From the abstract for Richard M. Re & Alicia Solow-Niederman Developing Artificially Intelligent Justice (Stanford Technology Law Review, Forthcoming):
Artificial intelligence, or AI, promises to assist, modify, and replace human decision-making, including in court. AI already supports many aspects of how judges decide cases, and the prospect of “robot judges” suddenly seems plausible—even imminent. This Article argues that AI adjudication will profoundly affect the adjudicatory values held by legal actors as well as the public at large. The impact is likely to be greatest in areas, including criminal justice and appellate decision-making, where “equitable justice,” or discretionary moral judgment, is frequently considered paramount. By offering efficiency and at least an appearance of impartiality, AI adjudication will both foster and benefit from a turn toward “codified justice,” an adjudicatory paradigm that favors standardization above discretion. Further, AI adjudication will generate a range of concerns relating to its tendency to make the legal system more incomprehensible, data-based, alienating, and disillusioning. And potential responses, such as crafting a division of labor between human and AI adjudicators, each pose their own challenges. The single most promising response is for the government to play a greater role in structuring the emerging market for AI justice, but auspicious reform proposals would borrow several interrelated approaches. Similar dynamics will likely extend to other aspects of government, such that choices about how to incorporate AI in the judiciary will inform the future path of AI development more broadly.
Aryan Pegwar asks and answers the post title’s question. “Today Modern technologies like artificial intelligence, machine learning, data science have become the buzzwords. Everybody talks about but no one fully understands. They seem very complex to a layman. People often get confused by words like AI, ML and data science. In this article, we explain these technologies in simple words so that you can easily understand the difference between them.” Details here.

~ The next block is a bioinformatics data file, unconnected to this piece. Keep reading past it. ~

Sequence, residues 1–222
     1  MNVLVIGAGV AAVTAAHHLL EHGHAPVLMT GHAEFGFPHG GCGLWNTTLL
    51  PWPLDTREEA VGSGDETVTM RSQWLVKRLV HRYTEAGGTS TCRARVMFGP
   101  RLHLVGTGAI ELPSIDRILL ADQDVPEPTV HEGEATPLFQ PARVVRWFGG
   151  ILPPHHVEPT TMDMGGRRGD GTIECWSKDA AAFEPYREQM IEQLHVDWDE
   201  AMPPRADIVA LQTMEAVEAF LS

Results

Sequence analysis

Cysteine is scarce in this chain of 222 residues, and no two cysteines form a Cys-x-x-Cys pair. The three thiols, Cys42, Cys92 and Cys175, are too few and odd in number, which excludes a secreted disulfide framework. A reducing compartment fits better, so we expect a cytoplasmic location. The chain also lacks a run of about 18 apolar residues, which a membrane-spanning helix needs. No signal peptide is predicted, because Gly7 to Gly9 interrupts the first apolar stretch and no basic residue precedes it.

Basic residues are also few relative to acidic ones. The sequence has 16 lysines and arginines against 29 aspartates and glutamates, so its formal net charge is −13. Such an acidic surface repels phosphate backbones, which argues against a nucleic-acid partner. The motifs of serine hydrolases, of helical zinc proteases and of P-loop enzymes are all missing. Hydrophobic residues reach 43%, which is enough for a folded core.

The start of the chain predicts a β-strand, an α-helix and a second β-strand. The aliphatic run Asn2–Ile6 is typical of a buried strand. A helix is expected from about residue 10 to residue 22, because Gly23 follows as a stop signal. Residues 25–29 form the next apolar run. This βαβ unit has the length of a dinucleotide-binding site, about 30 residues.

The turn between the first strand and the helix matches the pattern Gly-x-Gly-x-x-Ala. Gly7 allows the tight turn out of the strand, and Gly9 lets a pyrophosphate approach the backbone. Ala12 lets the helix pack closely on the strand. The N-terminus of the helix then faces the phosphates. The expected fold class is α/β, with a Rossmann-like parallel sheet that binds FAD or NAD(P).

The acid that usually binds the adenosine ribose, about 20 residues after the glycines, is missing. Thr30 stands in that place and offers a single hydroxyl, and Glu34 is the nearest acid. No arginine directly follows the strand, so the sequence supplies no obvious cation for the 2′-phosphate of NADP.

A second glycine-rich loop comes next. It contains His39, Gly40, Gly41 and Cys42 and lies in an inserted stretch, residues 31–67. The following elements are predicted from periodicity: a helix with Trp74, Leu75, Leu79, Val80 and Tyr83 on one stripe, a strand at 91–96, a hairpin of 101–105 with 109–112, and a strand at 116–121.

TechRepublic reports that Microsoft has announced that Word Online will incorporate a feature known as Ideas this fall. Backed by artificial intelligence and machine learning courtesy of Microsoft Graph, Ideas will suggest ways to help you enhance your writing and create better documents. Ideas will also show you how to better organize and structure your documents by suggesting tables, styles, and other features already available in Word.
From the abstract for Daniel L. Chen, Machine Learning and the Rule of Law, Computational Analysis of Law, Santa Fe Institute Press, ed. M. Livermore and D. Rockmore, Forthcoming:
“Predictive judicial analytics holds the promise of increasing the fairness of law. Much empirical work observes inconsistencies in judicial behavior. By predicting judicial decisions—with more or less accuracy depending on judicial attributes or case characteristics—machine learning offers an approach to detecting when judges most likely to allow extra legal biases to influence their decision making. In particular, low predictive accuracy may identify cases of judicial “indifference,” where case characteristics (interacting with judicial attributes) do no strongly dispose a judge in favor of one or another outcome. In such cases, biases may hold greater sway, implicating the fairness of the legal system.”
Javed Qadrud-Din, a HLS grad who is a machine learning engineer at Casetext, provides examples of how Casetext uses AI. While it is a little bit technical, the discussion of AI techniques in the context of Casetext’s features is illuminating.
OECD and partner countries formally adopted the first set of intergovernmental policy guidelines on Artificial Intelligence (AI), agreeing to uphold international standards that aim to ensure AI systems are designed to be robust, safe, fair and trustworthy.
H/T to Gary Price’s InfoDocket post.
With continued advances in AI, machine learning and legal analytics anticipated, we can expect that legal information platforms will be supplanted by legal intelligence platforms in the not too distant future. But what would a legal intelligence (or “smart law”) platform look like? Well, I can’t describe a prototypical legal intelligence platform in any technical detail. But it will exist at the point of the agile convergence of expert analysis, text and data-driven features for core legal search for all market segments. I do, however, see what some “smart law” platform elements would be when looking at what Fastcase and Casetext are offering right now.